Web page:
Would it surprise you if I said that 60 per cent of the CEOs on the Fortune 500 didn’t have any kind of presence on any social media platform? Well according to research from CEO.com and DOMO it’s a fact…
And what of the CEOs who do have a presence on the likes of LinkedIn, Twitter, Facebook, Instagram, Google+ and YouTube? Well, 131 of them are on one platform, 54 are on two networks, nine are on three of them, five are on four and just one of them uses five social media sites. Given the huge amount of money spent by these powerful organisations on these social media networks, I find that absolutely astonishing.
In terms of popularity, maybe somewhat unsurprisingly, LinkedIn is the most popular social platform for choice with the Fortune 500 CEOs with 181 of them having a LinkedIn profile. Next up, but some considerable way back, we have Facebook with 40 CEOs having an FB page. The we have Twitter with 36, Google+ with 33 and Instagram with just 11. But in last place with no CEOs having an account is YouTube – clearly CEOs don’t like to upload videos of their cat taking a bath with their hamster. That said, 43 per cent of the CEOs have appeared on YouTube via their company’s presence on the platform, which begs the question why they feel it isn’t important enough for them to set up their own feed?
So why have these high profile leaders decided to shun social media and stay anonymous by hiding in their corridors of power? Do they consider it beneath them? Are they afraid of it? Do they not understand it? Maybe it’s a mixture of all these but no matter what the reasons are, surely they are ignoring the power of social media at their peril?
Maybe that focusing on the CEOs who don’t use social media, maybe it’s better to look at the ones who do and the benefits that they derive from it. For example what about John Legere (@JohnLegere) who is CEO of T-Mobile? He’s a larger than life character and he uses Twitter prolifically to talk about T-Mobile’s products and services (as well as the obligatory food pictures and holiday videos). John has 5.74 million followers, has his own emoji pack and has pumped out over 42,000 tweets since he joined Twitter in 2013. To put that into some kind of perspective, that is almost three times the number of Followers as the official Twitter accounts of AT&T and Verizon. Put together.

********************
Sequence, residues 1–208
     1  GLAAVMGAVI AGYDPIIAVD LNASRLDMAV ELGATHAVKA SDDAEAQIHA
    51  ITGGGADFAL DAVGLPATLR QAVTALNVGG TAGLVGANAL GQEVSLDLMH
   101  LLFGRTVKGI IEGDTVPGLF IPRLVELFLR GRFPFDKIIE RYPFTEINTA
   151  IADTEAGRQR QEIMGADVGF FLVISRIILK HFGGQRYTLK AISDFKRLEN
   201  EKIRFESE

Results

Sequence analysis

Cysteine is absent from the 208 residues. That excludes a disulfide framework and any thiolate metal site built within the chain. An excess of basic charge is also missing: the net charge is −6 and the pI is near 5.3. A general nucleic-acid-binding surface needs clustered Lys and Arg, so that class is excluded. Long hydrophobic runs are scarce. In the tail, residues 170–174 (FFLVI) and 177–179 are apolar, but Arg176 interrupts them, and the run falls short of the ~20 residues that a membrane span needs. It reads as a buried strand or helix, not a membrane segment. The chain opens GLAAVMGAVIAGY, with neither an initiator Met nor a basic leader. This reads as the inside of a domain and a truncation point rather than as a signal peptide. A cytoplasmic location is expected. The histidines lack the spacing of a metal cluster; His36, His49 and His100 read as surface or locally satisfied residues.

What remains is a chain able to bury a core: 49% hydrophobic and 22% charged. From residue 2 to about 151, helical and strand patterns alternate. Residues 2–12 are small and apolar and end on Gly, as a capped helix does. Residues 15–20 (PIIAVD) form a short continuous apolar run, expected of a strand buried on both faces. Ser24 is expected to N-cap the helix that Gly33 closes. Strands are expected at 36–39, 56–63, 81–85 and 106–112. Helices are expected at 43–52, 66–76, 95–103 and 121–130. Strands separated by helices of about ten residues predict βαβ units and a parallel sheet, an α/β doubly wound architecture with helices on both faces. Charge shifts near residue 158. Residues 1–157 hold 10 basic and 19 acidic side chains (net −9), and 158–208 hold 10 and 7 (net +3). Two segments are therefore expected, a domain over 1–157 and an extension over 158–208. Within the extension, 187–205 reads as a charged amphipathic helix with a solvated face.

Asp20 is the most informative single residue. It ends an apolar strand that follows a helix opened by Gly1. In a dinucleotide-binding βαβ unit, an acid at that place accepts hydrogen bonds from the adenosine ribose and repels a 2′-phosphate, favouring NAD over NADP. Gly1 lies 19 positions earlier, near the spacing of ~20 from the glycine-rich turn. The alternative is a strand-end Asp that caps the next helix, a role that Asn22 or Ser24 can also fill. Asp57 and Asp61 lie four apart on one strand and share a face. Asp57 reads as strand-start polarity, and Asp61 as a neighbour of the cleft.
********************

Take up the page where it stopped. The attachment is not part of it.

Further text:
When Legere has been interviewed about his social media habits, he said:
“Our lawyers said it was a terrible idea for me to tweet, but I ignored them. I have enormous reach via retweets. We did an analysis of this, and it’s not unusual for one of my tweets to get 150 million impressions. This is no game. It’s a way of driving my business. Much of what I do online is listen to customers, and social media is perfect for that”
It’s clear that by building his own profile and following on Twitter he has (as the face of the brand) helped to convey positive associations of trust, respect and authenticity with the company which he helms. All of these are precious commodities which can take years (and lots of money) to achieve and yet has managed to harness and leverage the power of social media in little over 5 years and at no cost to him or the company. That sounds like success to me.
Is it also just coincidence that employee approval ratings are significantly higher for CEOs who embrace social media? Research from Glassdoor appears to prove that a ‘Social CEO’ is more highly regarded by its employees: nine out of 10 CEOs in the Fortune 500 achieved approval ratings of 89 per cent + (e.g. Microsoft CEO Satya Nadella and Google CEO Sundar Pichai both have Glassdoor approval ratings of 96 per cent). Compare that to America’s “most hated” companies (defined by the lowest employee approval ratings) only three out of 10 of those CEOs have a presence on social media. Now, to be clear, I don’t think that the approval ratings are exclusively down to whether or not the CEOs use social media because factors such as a strong culture, financial performance and leadership style are inevitably more important. But all that said there does appear to some correlational between the Social CEO and the way in which their employees rate them.
So what do you think? Are you a CEO who has embraced social media and are reaping the benefits? Or are you a CEO who steadfastly refuses to tweet and gram – if so, why? Does your CEO actively use social media and what are your opinions of them as a consequence? As ever, I am keen to hear your thoughts…